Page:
“The city of the future is a Smart City, emboldened by technology that folds in government, industry, and consumers. For this to happen, it needs a strong foundation—an infrastructure that can withstand heavy traffic, particularly during times of crisis. Our building blocks for the Smart City are similar: we want to pull together public safety, smart healthcare, smart education, smart retail, and smart banking and make it accessible to citizens. The key to our partnership is that we are so closely aligned to build this next-generation infrastructure foundation to evolve and deliver best-in-class services,” says Mann.

Mann adds that the success of such large scale projects will hinge on greater collaboration between different solution providers as end to end delivery from a single vendor would be certainly impossible.

He says, “Not one vendor can do this on its own which re-enforces the need for an open architecture away from proprietary schemes. The good news is that there are solutions out there; the bad news is that if private and public enterprises  are looking at the same vendors that built their networks 20 years ago proclaiming they can do it all, this approach will fail. My recommendation is for them to open their minds to an open architecture, and yet controlled with accountability from specific technology experts, which will provide pieces to the puzzle; this is clearly very complex and challenging.”

Impact of emerging technologies

As Smart Cities are being fueled by the Internet of Things (IoT), where technology enables governments to help lower costs, improve productivity, increase revenue, and improve citizen benefits for the public and private sector through initiatives such as smart buildings, smart gas and water monitoring, smart parking, and smart waste management.  Today, and in the future, Smart Cities will provide Wi-Fi and fiber optic networks that will fuel millions of sensors embedded in virtually everything. Open architecture apps and technology solutions such as mobility, security, cloud computing, virtualization, collaboration, and video transform interaction with the urban landscape will become mainstream and everyday phenomena. Smart Cities are leading the IoT revolution, enabling governments to help lower costs, improve productivity, increase revenue, and improve citizen experiences through urban services such as smart parking, energy, traffic and waste management.

“Cisco is currently involved in over 90 Smart+Connected City (S+CC) projects worldwide, all of which feature an open-architecture platform that enables Cisco, our partners and customers to create and deploy new smart services and applications. “

Building smart city infrastructure that is ready to scale up with need needs to include IoT solutions. Avaya claims that it introduced SDN Fx to scale, enhance security, deliver best-in-class reliability and provide the best foundation to Smart Cities and IOT/IOE.

Maan says, “Using this technology, we’ve demonstrated nearly 15,000 cameras running over a single converged infrastructure with one protocol, experiencing 500ms or better recovery times. This is the kind of infrastructure shift Smart Cities require to save lives, enhance resident experience, and enable new services the community will benefit from.”

In addition, based on its Fabric technology, Avaya now offers the ability to automate the provisioning, make it very easy for customers to deploy access points, thousands of them across a network. Avaya is also making huge investments in mobile solutions to support its engagement services – be it conferencing solutions, video conferencing solutions, or the two running simultaneously in the same client; and the investment in secure mobile solutions or secure BYOD.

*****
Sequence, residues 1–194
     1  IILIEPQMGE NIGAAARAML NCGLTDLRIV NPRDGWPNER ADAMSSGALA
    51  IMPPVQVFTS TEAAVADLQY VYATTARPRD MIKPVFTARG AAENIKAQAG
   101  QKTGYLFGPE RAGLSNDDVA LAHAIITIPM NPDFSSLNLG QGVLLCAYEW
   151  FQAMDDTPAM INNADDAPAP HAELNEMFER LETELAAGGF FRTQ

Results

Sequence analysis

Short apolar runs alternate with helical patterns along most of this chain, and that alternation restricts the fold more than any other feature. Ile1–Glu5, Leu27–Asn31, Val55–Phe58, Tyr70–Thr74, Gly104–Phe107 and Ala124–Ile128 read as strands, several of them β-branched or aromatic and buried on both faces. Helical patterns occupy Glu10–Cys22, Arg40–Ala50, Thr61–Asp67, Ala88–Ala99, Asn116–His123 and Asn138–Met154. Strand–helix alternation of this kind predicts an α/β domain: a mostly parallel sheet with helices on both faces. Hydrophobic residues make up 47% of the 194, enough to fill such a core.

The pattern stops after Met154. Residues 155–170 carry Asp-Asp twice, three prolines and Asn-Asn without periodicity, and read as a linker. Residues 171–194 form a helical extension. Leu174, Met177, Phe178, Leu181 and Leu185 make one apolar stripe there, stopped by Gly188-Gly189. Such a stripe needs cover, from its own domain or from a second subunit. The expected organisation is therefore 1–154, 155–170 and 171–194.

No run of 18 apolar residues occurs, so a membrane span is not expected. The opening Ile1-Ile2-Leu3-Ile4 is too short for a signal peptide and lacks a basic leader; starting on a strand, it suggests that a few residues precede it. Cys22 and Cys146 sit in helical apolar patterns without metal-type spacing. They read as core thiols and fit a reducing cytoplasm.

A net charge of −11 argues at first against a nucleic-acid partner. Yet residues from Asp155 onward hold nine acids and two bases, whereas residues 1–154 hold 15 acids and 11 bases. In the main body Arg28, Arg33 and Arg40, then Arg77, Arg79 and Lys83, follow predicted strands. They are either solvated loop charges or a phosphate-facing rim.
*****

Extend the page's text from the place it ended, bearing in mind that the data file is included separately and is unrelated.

Partner engagement and reskilling

Cisco is helping channel partners take advantage of the growing Smart Cities market by enabling them with new skills through sales and technical training, where partners are able to develop a better understanding of Smart Cities solutions and gain expertise needed to deploy the best IT installations for customers.

Shadi says, “Cisco channel partners most ready to build IoT practices are already building practices around big data and analytics, which are driving business outcomes. We believe that for the Channel to succeed in the business around IoT, it is important that partners and their solutions get more visibility. This can be achieved by enabling to develop a vast array of market leading solutions spanning hardware, software and services, vendors can enable their solution partners to get access to channels where the solutions can be integrated and taken to market to enable differentiation.”

Avaya has a strong channel focus in the region and continues to invest in its partners as part of their go to market strategies.

Maan says, “Our channel is populated with the best-of-breed innovative partners in the region, and we ensure that our global knowledge is combined with their regional expertise when it comes to project delivery. Whether it is with our Government or private sector clients, our partners are very much a part of our solution, and will remain so.”

He elaborates on the opportunity that the SI channel has in terms of working alongside the vendor on such projects.

“The clear opportunity is for innovators. The market is in a situation wherein there is a lot of theories and concepts being spoken about, but there is very little implementation. We have been able to deliver on some key projects that would fall under the Smart Cities umbrella, with system integrators and partners who have been able to upskill and position themselves as partners of choice for the Smart Cities evolution.”

In summary, as more smart city projects get unveiled in the region, innovative solutions that enhance quality of life will be called for and the opportunity will lie with vendors and partners who wrest it. Overall, collaboration more than competition will be the rules of the game when it comes to delivery.